Monday, March 21, 2011

Taiwan Travelogue: The Revolutionary Martyr's Shrine

The National Revolutionary Martyrs’ Shrine located in Taipei City has been built to honor the war dead of the Republic of China. What makes this interesting is that many of the people honored are not Taiwanese. Many of them are from Mainland China.

The Shrine was built to honor those killed in the establishment of the Republic of China. From 1912 until 1949, the Republic of China was the government of Mainland China. After the defeat of nationalist forces by the communists, the Republic of China government established itself on the island of Taiwan.

This shrine honors those who died during the Xinhai Revolution, [see Taiwanese History:  Double Tenth Day 10/2102010] The Northern Expedition, the Second Sino-Japanese War, the Chinese Civil War and both of the Taiwan Strait Crises. The shrine is an important historical site and sees many hundreds of visitors from Taiwan every month, as well as many tourists from Mainland China.

The Shrine was built in 1969 on the slopes of the Qing Mountain, overlooking the Keelung River near the Grand Hotel. It is surrounded 33,000 square meters of grassland. The shrine is a beautiful place. It has been designed with architecture similar to the Imperial palace in Beijing. The architecture represents a brave spirit.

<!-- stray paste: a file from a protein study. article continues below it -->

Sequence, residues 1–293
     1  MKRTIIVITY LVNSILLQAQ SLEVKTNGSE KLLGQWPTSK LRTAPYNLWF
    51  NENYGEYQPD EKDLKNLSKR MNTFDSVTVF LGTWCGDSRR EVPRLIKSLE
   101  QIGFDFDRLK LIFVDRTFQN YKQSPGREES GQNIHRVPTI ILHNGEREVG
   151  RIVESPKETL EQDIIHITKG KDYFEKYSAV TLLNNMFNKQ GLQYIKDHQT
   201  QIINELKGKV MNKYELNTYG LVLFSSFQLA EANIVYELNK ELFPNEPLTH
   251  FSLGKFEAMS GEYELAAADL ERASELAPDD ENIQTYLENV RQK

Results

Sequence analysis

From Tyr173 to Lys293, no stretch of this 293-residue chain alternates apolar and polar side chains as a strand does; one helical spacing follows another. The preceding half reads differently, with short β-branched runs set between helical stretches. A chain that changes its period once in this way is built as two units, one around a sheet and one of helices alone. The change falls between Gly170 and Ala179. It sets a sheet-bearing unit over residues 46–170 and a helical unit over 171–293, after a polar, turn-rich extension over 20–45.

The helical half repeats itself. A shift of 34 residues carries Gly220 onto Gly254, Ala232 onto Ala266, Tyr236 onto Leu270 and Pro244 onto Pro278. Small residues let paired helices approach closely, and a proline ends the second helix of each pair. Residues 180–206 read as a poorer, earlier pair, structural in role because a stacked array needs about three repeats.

Tablets that name the 330,000 people who died establishing the Republic of China are laid into the four walls of the main building. On September 3 of each year the President of the Republic of China leads the men and women of the Five Yuans or circles. (Which are the five branches of the Taiwanese government) to worship the men who are honored here. There are Revolutionary Martyrs' Shrines throughout Taiwan.  The Reoublic of China wants to remind its citizens of the sacrifice that created the nation.

Finally there is a changing of the guard approximately once an hour, that is similar to the changing of the guard at the Chiang Kai Shek Memorial Hall. The Honor Guard marches with precision, drills with their rifles. The Honor Guard is trained to stand motionless and expressionless, with complete disregard for the actions of the visitors to the shrine.

The following video is a lengthy 9:55  but shows the guard change in its entirety at the main entrance station.  In addition to the changing of the guard, the video gives you a glimpse of changeable weather that is regularly found in Taiwan.

Still Photos by Brenda Banducci
You Tube Video by californiaengineer

Other posts you may be interested in:

Taiwanese History:  The Chiang Kai Shek Mausoleum
Taiwanese History:  Double Tenth Day
Taiwanese History:  The 2/28 Massacre

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